Everyman – from Directors programme notes
Welcome to the world of the sixteenth century medieval morality play!
The story of Everyman is simple. God, incensed by the ingratitude of his creations, commands Death to select an ‘Everyman’ to represent humanity. Everyman is given his ‘book of reckoning’ and embarks on an epic journey to account for himself before God. He attempts to convince the important figures in his life to accompany him and speak on his behalf. Everyman could easily be called ‘Everyone’ or even ‘Anyone’. Each character represents an element of Everyman’s life: friendship, family, material goods, beauty, strength, good deeds and knowledge. Although death is the main theme of the play, it also poses the question, how should one live?
In our society a sense of right and wrong is no longer defined solely by the teachings of the church. There are many factors influencing our behaviour; family, friends, government, law, the media, culture and religion all have a part to play.
The audience is at the centre of this adaptation. Because of this, we set the staging in the middle of the hall. There is no set, the stage is bare and props are stored in a battered suitcase. We think of it as indoor street theatre; no two performances are the same, and the audience are an integral part of the performance. ….Like the original play, this version is a story is told using simple theatrical techniques and larger than life characters to provoke important questions:- What is human? What distinguishes us one from another? What makes us the same.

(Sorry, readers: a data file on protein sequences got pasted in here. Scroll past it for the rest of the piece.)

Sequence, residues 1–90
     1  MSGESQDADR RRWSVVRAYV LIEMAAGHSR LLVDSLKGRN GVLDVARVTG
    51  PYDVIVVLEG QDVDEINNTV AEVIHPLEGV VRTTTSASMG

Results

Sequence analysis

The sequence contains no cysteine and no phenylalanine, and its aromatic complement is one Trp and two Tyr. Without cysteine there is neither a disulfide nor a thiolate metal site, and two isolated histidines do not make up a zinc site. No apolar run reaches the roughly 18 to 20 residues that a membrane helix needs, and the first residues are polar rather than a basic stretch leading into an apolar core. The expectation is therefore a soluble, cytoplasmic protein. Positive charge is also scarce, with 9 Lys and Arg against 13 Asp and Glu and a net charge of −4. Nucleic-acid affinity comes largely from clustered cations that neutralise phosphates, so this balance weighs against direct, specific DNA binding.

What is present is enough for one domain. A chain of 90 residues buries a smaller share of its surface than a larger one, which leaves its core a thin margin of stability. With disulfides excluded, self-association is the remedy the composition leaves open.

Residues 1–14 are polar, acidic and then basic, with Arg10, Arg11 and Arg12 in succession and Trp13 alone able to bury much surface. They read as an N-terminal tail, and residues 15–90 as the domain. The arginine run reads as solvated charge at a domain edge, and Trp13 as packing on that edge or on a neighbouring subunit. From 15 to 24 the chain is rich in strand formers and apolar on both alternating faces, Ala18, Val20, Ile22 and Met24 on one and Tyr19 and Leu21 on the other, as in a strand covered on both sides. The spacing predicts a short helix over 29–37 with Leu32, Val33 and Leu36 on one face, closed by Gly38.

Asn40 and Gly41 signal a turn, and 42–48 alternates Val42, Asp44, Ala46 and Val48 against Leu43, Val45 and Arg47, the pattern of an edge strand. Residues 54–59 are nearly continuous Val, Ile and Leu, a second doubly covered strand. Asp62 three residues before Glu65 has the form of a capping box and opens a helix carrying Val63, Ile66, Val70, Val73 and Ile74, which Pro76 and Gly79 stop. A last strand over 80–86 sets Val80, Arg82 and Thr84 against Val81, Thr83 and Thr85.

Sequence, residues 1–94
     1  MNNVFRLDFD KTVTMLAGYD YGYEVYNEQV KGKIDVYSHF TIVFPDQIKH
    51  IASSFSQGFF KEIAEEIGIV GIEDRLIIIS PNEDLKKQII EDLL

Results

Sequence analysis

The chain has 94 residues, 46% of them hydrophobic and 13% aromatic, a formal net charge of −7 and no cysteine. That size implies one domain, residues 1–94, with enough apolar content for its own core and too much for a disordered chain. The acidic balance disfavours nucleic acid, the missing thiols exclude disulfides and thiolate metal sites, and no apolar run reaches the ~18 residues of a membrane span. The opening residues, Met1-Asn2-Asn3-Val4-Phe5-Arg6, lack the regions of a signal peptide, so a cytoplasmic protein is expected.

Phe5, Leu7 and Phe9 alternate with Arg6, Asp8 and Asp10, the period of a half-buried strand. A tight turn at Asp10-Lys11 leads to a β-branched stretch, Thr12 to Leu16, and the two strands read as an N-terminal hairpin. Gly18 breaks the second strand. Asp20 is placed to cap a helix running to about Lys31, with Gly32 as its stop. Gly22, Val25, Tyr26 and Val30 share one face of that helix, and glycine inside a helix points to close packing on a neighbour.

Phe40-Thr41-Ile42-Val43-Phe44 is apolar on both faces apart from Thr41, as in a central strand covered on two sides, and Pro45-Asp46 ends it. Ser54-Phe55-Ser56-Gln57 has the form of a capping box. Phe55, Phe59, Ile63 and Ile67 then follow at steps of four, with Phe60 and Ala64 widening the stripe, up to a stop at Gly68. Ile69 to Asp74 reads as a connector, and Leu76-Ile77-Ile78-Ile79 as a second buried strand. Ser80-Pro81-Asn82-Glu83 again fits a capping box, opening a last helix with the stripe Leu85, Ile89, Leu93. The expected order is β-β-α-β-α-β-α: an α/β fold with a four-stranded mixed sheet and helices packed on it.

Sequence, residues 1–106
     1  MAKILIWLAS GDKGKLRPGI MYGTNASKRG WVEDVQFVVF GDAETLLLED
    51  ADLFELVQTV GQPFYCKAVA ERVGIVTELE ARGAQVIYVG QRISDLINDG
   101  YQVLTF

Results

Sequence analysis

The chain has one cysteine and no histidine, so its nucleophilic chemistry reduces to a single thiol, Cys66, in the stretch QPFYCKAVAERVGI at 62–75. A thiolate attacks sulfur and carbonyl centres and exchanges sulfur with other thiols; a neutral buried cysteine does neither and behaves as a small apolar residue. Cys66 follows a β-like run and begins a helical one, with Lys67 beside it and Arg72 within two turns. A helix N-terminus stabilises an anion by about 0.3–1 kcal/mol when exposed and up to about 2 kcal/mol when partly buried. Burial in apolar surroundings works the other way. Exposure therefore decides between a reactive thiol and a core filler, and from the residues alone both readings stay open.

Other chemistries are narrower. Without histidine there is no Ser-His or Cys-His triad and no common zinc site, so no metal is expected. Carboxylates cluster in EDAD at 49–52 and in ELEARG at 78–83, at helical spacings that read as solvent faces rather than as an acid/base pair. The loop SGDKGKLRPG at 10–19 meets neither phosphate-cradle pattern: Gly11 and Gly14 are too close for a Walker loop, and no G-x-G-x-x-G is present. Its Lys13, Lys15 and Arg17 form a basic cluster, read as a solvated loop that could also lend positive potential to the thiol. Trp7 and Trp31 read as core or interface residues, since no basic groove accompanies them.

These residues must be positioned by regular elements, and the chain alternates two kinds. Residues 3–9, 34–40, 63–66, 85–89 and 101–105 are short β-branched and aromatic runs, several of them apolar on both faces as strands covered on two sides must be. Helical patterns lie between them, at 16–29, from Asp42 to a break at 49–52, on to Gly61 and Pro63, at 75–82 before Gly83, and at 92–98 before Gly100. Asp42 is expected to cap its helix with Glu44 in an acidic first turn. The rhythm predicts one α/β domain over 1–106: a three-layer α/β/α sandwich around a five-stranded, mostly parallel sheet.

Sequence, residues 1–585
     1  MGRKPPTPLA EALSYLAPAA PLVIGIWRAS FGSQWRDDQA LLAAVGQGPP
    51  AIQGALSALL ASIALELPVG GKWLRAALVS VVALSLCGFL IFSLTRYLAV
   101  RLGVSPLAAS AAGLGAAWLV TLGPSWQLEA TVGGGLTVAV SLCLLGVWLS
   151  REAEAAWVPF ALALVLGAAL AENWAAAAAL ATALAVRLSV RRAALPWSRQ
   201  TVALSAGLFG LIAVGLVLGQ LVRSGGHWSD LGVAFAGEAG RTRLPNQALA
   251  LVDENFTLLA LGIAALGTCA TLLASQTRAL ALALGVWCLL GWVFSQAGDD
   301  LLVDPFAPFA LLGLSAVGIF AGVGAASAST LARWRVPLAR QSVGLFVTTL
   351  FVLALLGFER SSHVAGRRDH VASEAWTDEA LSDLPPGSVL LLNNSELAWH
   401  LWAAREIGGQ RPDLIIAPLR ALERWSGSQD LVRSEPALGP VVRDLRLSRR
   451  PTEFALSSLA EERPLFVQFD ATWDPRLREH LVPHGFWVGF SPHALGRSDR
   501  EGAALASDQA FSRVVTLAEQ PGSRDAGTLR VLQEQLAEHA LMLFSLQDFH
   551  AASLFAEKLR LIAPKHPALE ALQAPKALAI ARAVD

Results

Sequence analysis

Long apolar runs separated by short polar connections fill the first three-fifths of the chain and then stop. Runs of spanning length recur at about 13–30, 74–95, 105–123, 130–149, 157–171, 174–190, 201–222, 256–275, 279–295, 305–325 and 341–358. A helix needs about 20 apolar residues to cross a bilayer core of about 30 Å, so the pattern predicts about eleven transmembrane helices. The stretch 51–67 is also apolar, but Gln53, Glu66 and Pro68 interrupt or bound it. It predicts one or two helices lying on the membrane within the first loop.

In this adaptation, the original language has been modified for a modern audience, with the exception of Death, whose lines remain faithful to the medieval version, speaking in the same voice as he had in the 1500’s, as our experience of death is unlikely to have altered across the years. The characters include a chorus of three undertakers who guide us through the story of Everyman. The job of an undertaker is saturated in ritual – just like theatre – and these three set the tone, keep track of time, introduce the episodes, ask pertinent questions and encourage reflection on what has been witnessed. When they step up onto the stage, they ‘transform’ to present stand-alone moments of rehearsed comic stage business which break up the story, highlight our ‘sameness’ – and – hopefully entertain the audience.
Mary Hands (Director)